Publishing/Writing: Insights, News, Intrigue


Oxford Dictionary Leaving Print

The English language has always been an active, dynamic, ever-changing language; one, quite frankly, that the past printed dictionaries could not adequately keep pace with.

Much like traditional publishing could not adequately keep pace with all the past incoming writing talent. Even when the big publishing houses employed full staffs, they could not keep up; hence “slush piles” were created and old stories were born about all the great, past authors who were initially rejected numerous times before finally getting published.

But, I digress!

This report comes from staff writers at (a great Austrailian resource, by the way):

A TEAM of 80 has been working on it for the past 21 years, but now the lexicographers compiling the third edition of the Oxford English Dictionary are being told that it will never appear in print, its owner has admitted in a report today.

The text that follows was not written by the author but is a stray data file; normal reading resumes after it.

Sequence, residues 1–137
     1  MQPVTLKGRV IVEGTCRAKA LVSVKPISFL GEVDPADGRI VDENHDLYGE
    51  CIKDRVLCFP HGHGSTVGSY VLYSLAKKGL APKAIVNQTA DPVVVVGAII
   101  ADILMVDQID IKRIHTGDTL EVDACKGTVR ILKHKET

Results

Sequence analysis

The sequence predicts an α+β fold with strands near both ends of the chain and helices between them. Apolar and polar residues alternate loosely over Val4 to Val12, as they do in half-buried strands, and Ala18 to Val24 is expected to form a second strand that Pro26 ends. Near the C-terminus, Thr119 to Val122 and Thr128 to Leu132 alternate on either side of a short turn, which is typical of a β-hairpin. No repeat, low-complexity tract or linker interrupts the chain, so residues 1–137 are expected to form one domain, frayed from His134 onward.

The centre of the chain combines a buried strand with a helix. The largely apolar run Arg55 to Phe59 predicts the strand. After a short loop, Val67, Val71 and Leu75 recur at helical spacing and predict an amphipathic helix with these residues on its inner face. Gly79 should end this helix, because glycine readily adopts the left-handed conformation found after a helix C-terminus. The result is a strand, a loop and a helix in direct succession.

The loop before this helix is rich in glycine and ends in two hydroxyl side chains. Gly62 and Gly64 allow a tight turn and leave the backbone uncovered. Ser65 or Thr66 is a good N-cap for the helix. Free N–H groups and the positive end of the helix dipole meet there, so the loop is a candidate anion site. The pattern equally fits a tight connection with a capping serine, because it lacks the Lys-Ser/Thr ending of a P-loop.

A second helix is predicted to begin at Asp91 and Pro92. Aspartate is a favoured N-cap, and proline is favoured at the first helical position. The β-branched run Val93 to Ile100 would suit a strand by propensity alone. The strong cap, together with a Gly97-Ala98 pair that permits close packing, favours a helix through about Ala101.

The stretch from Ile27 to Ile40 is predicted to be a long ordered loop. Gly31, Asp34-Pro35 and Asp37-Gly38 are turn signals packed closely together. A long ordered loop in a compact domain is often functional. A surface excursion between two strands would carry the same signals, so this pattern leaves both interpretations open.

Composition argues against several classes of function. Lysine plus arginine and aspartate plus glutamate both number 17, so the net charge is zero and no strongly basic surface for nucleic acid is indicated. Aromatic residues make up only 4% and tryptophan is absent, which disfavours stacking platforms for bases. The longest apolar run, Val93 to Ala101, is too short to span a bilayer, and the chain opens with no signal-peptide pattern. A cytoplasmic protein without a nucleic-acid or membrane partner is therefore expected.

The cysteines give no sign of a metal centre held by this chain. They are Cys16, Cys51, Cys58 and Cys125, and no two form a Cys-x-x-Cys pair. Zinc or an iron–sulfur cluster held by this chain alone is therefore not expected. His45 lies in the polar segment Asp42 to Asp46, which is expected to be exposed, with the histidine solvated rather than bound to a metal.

The dictionary’s owner, Oxford University Press (OUP), has said that the impact of the internet means the latest update to the definitive record of the English language will never be published as a book.

“The print dictionary market is just disappearing, it is falling away by tens of percent a year,” said Nigel Portwood, chief executive of OUP. Asked if he thought the third edition would be printed, he said: “I don’t think so.”

The OED will live on online, where it has already been available for a decade and receives two million hits a month. An annual subscription costs £205 (US$217) plus value added tax (VAT).

OUP also gets royalty payments from Google, which uses an unbranded Oxford dictionary in its search engine.

Google was added to the dictionary as a verb in 2006, a century after HG Wells, in his novel “The Sleeper Awakes,” first envisaged all literature appearing on screen rather than in books.

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